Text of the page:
Thursday, May 31, 2012

Au Revoir, Angelo!

I almost never blog about bloggers, or blog about blogging, since this is a beer blog, not a blog blog.  But the departure of Brewpublic founder Angelo De Ieso from Portland deserves special mention.  For the last few years, during this great beer explosion in Portland, Angelo has been in the thick of it:  writing about it, staging events, and most importantly, enjoying Portland beer.  He's so much more than a blogger, he's one of the beer people that makes this place great.

Angelo's off to start a new life with his new wife Ashley -- a.k.a. The Beer Wench -- in the Bay Area.  At least he didn't head to Maine or Michigan or someplace I'd likely never see him again.  But he will be missed here.

I remember meeting Angelo -- and then-girlfriend Margaret Lut -- for the first time at the 2008 Lucky Lab hop harvest.  I'd read some of Angelo's beer writing before that, but he and Margaret mentioned that they were about to launch Brewpublic.  Can you remember a time before Brewpublic?  There are more and more good beer blogs in Portland all the time, but if Brewpublic and/or the New School had been around in December of 2007, I would never have started It's Pub Night, because they document our beer scene the way I wanted to do it -- only better than I ever could.

Three generations of Portland beer writing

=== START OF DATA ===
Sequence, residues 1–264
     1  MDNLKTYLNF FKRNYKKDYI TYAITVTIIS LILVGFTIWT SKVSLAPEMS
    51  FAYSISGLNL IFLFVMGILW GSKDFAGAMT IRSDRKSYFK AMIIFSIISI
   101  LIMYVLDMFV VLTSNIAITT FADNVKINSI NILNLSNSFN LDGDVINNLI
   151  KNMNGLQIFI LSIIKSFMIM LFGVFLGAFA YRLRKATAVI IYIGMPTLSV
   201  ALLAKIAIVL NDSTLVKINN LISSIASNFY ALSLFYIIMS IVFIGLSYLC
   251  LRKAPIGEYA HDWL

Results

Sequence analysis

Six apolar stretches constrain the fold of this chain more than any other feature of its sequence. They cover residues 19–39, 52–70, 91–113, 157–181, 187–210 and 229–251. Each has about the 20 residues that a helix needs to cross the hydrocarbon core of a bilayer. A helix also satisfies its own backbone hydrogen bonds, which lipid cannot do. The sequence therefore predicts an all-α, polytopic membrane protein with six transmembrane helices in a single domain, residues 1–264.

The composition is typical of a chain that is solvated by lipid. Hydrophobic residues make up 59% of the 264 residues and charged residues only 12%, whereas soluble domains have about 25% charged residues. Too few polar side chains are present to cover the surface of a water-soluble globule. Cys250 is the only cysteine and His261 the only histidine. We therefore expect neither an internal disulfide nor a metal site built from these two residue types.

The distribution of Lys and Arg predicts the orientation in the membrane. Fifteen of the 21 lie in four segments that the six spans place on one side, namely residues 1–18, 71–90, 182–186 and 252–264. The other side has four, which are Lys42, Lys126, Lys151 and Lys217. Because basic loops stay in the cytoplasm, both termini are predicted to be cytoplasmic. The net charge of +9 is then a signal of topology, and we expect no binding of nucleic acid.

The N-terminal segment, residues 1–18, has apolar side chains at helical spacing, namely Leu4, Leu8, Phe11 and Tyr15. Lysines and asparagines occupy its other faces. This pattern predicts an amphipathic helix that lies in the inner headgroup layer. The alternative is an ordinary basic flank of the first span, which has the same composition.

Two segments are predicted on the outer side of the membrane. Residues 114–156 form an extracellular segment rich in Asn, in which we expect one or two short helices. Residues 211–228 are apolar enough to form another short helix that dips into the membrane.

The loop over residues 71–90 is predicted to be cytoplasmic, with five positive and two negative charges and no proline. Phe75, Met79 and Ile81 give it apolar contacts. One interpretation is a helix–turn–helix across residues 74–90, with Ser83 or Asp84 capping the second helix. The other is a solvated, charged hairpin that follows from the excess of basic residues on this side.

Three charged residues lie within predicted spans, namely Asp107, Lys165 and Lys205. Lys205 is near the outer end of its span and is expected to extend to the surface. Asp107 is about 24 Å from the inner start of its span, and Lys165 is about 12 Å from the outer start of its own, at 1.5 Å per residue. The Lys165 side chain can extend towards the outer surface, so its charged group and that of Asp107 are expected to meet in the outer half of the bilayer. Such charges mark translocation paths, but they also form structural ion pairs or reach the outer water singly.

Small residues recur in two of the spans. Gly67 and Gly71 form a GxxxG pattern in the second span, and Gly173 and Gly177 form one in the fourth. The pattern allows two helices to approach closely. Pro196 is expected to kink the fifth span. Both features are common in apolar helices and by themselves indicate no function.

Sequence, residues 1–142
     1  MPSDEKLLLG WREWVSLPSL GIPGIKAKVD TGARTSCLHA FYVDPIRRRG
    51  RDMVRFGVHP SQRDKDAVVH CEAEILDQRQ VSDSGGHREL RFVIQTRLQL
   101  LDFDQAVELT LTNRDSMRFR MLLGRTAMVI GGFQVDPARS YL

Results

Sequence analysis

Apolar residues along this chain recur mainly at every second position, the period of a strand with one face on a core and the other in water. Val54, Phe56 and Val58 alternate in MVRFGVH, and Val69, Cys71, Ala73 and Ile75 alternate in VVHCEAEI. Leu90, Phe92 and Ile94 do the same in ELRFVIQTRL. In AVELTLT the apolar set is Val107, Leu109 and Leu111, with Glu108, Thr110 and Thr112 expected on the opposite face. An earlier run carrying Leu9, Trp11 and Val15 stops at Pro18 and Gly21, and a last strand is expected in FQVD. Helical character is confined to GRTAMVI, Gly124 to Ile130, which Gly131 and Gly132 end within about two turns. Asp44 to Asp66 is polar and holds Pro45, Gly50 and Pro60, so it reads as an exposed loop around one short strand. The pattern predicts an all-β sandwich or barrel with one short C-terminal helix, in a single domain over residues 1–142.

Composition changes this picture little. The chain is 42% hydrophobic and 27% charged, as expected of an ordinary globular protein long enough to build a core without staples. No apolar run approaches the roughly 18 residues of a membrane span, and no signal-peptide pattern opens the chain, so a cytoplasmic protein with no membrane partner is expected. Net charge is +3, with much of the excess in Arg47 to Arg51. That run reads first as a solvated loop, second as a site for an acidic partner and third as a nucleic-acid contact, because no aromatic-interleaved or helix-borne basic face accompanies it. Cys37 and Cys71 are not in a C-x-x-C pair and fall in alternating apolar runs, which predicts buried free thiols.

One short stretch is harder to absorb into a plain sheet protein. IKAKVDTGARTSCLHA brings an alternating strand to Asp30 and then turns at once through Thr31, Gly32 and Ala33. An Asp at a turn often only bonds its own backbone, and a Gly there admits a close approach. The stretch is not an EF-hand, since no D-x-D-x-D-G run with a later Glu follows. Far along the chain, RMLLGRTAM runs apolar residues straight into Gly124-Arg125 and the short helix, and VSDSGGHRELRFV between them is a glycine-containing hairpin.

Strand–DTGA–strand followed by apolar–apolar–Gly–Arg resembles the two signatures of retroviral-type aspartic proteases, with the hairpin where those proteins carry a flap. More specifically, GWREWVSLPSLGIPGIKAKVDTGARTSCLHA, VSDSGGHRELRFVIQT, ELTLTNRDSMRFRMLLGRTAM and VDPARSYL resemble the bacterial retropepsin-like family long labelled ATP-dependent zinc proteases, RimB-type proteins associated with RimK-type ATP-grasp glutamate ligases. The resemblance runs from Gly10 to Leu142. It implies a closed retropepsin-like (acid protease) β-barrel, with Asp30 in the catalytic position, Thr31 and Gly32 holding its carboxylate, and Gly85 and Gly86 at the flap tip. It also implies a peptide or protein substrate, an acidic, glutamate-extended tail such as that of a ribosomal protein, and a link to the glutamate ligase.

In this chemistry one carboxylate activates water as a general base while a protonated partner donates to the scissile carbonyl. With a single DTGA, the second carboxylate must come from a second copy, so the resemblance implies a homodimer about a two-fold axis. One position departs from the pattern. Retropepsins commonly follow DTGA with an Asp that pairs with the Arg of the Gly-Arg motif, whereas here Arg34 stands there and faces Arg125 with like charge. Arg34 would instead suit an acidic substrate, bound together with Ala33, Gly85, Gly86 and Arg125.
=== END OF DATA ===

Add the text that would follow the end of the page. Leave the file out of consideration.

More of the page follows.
Brewpublic's Killer Beer Fest 3.5 last Sunday at Bailey's was an appropriate send-off to Angelo, with great beers at great prices, including the delicious and hilariously-named De Ieso Spades from Hopworks (it's a dry-hopped version of The Ace of Spades IIPA).  Angelo, don't be a stranger, you're welcome back to Portland any time!

To get Angelo's story in his own words, read Sanjay's recent interview with him. I'm sure Brewpublic will keep going, either with a new California focus, or staying Oregon-oriented with its solid roster of local contributors.  Now, if any of you Brewpublic writers want to switch loyalties and become writers at It's Pub Night, I'm happy to poach you, just send me an email.

Thursday, May 24, 2012

Brewers Union Local 180 - Oakridge, Oregon

Finally! Only four years after the one-of-a-kind Brewers Union Local 180 opened in the out-of-the way location of Oakridge, Oregon, I finally paid a visit this week and was able to sample a range of brewer Ted Sobel's cask-conditioned beers in their native habitat.

In case you're not familiar with Brewers Union, it's a pub which brews and serves "real ale" in the sense of England's Campaign for Real Ale (CAMRA).  Ted brews beer in 2-barrel batches -- that's British imperial barrels, about 2.8 Yankee barrels -- conditions them in firkins, and serves them at cellar temperature in 20-ounce imperial pints.  The small batches are open-fermented, typically between 4% and 5% ABV, and drawn from the firkin with hand pumps.  So, the proprietor must be a homesick British expat, right?  Er, no, but he did learn the trade during a stint a few years ago at a Lake District pub called the Woolpack Inn.

There were only four house-made beers on the pumps Monday when Carla and I were in Oakridge, all delightful:
  • Wotcha Best Bitter - 4.3%: smooth and honeyed, balanced with a touch of earthy hops.
  • Good With Bacon Special Bitter -  4.9%: light caramel flavor, nice balance of bitterness.
  • 3 Sigma Out IPA - 5.3%: beautiful floral aroma, light body, long hop finish.